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refuse the requests even of those whom they know to be in distress : it is, therefore, with a distant hope I venture to solicit such favor; but you will forgive me, sir, if you do not think proper to relieve. It is impossible that sentiments like yours ean proceed from any but a humane and generous heart,

I will call upon you, sir, tomorrow, and if I have not the happiness to obtain credit with you, I must submit to my fate. My existence is pain to myself, and every one near and dear to me are distressed in my distresses. My connections, once the source of happiness, now embitter the reverse of my fortune; and I have only to hope a speedy end to a life so unpromisingly begun: in which (though it ought not to be boasted of), I can reap some consolation from looking to the end of it. I am, sir, with the greatest respect, your obedient and most humble servant,



JAMES MACKINTOSU, one of the most distinguished men of his time, and who attained eminence in literature, philosophy, history, and politics, was born in Aldourie, on the banks of Loch Ness, Scotland, on the 24th of October, 1765. At a very early age, he exhibited a remarkable fondness for abstruse speculations, and read such books as fell in his way; among which were the works of Pope and Swift. In 1780, he went to the College of Aberdeen, where he was recognized, by common consent, as the first scholar there ; whilst his courteous demeanor, refined manners, playful fancy, and easy flow of elocution, rendered him a general favorite among his companions. His chief associate was the Rev. Robert Hall, whom the exclusive system of the English universities had forced to seek, in this northern seminary, that academical education which was denied to him, as a “Dissenter," in his own country. The society and conversation of Hall had great influence on Mackintosh's mind, and their intellectual combats were almost unceasing.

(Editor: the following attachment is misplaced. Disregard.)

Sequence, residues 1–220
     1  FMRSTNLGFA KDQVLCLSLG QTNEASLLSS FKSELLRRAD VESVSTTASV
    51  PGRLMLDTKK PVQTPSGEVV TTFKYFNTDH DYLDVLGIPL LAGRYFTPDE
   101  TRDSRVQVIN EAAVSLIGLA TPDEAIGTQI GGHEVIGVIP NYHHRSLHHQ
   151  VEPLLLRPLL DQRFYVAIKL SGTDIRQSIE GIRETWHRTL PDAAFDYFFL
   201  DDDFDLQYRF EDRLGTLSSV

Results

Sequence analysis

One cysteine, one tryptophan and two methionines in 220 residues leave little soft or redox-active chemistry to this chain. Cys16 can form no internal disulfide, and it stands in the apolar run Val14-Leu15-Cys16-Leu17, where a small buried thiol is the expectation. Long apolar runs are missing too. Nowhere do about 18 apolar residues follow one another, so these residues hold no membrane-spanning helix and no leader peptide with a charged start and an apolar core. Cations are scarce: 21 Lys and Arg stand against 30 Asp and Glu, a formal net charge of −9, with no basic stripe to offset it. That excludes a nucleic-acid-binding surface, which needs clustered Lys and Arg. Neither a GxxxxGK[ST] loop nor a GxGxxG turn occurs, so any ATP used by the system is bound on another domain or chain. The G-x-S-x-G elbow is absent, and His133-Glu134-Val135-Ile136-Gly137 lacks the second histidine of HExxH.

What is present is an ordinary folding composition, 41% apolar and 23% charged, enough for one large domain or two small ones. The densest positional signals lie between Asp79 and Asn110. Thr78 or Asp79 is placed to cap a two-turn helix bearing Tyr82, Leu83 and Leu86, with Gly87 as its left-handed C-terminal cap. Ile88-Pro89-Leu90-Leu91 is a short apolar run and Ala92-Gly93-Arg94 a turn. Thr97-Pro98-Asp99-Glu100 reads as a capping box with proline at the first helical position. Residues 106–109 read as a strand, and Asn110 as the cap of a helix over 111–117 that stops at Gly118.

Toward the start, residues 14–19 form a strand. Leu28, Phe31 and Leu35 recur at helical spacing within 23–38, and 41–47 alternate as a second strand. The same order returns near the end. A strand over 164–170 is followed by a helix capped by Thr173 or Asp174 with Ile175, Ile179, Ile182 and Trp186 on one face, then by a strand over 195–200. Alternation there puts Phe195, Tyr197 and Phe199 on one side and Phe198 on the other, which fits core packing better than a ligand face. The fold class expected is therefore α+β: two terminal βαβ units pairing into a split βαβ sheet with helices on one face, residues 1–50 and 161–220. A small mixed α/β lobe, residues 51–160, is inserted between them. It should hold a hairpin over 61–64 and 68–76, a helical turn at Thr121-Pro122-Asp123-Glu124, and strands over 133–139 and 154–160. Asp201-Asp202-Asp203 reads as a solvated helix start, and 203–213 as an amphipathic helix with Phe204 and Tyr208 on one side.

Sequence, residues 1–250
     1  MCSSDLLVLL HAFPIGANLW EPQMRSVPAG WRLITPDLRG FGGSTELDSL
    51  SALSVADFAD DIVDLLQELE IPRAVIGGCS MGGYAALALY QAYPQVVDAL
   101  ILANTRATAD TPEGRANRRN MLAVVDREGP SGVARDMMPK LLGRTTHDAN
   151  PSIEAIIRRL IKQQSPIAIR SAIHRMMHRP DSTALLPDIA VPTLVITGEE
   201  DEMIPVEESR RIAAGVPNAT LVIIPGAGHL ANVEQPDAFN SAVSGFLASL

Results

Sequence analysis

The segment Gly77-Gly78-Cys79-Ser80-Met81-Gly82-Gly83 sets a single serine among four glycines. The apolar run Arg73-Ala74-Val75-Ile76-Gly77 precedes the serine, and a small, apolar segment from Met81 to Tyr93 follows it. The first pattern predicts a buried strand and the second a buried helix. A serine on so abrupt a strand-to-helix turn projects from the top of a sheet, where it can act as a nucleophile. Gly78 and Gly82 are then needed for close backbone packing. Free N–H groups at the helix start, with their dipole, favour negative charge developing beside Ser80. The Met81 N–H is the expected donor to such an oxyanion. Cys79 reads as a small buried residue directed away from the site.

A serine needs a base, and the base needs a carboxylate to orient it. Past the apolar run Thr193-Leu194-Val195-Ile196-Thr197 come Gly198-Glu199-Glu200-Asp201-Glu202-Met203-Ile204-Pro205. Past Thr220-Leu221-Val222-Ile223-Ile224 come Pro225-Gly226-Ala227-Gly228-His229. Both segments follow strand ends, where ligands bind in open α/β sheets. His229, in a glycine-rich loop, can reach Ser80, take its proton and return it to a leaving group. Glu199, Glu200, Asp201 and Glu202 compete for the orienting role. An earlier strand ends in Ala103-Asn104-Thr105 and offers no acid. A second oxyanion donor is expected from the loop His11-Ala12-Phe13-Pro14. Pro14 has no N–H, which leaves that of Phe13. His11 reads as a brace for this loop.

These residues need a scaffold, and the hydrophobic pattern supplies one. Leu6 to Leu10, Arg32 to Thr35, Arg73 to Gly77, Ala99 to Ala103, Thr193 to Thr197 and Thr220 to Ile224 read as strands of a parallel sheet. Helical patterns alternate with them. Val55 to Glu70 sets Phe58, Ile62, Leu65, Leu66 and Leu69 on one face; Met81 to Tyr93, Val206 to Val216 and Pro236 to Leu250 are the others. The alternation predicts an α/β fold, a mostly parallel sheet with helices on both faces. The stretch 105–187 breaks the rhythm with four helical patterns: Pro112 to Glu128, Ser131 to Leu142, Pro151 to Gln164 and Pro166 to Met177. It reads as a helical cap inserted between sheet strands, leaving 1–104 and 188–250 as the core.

• In 1803, he received the "honor (?) of knighthood," and was then “the Right Honorable Sir James Mackintosh."

« Behold the child, by nature's kindly law
Pleas'd with a rattle, tickled with a straw;
Some livelier plaything gives his youth delight,
A little louder, but as empty quite :
Scarfs, garters, gold amuse his riper stage,
And beads and prayer-books are the toys of age.

* Alluding to the superstitious devotees of the Papal Church.

In 1784, having taken his degree, he set out for Edinburgh to commence the study of physic, which he had made choice of as a profession. Here a new world was opened to him, and he was introduced into the first literary society of that renowned metropolis. But metaphysical, and political and scientific speculation, rather than the study of his profession, engrossed his attention, and, after three years spent in irregular application, he became a candidate for a degree. Having obtained his diploma, he quitted Edinburgh in September, 1787, with a large stock of miscellaneous information, but without having concentrated his powers upon any one pursuit, or given to professional subjects that systematic attention which is indispensable to the attainment of professional eminence.

Early in 1788, he set out for London, and arrived at that great theatre of action at one of the most critical periods of the world's history. “An ardent enthusiast for political amelioration, he came in contact with society when it was already heaving with the first throes of that great convulsion which was soon to overturn all the institutions of a neighboring country, and to shake those of every other to their lowest foundations." In the discus. sions which were then going on, he was eager to take a part, and his failure to receive a medical appointment, which he had expected, led him to think seriously of abandoning the profession he had chosen. Early in 1789, he was married to Miss Catharine Stuart, a young lady of a respectable Scotch family, and, at the age of twenty-four, he found himself with no prospect of any immediate professional settlement, his little fortune left him by his father rapidly diminishing, and a wife to provide for.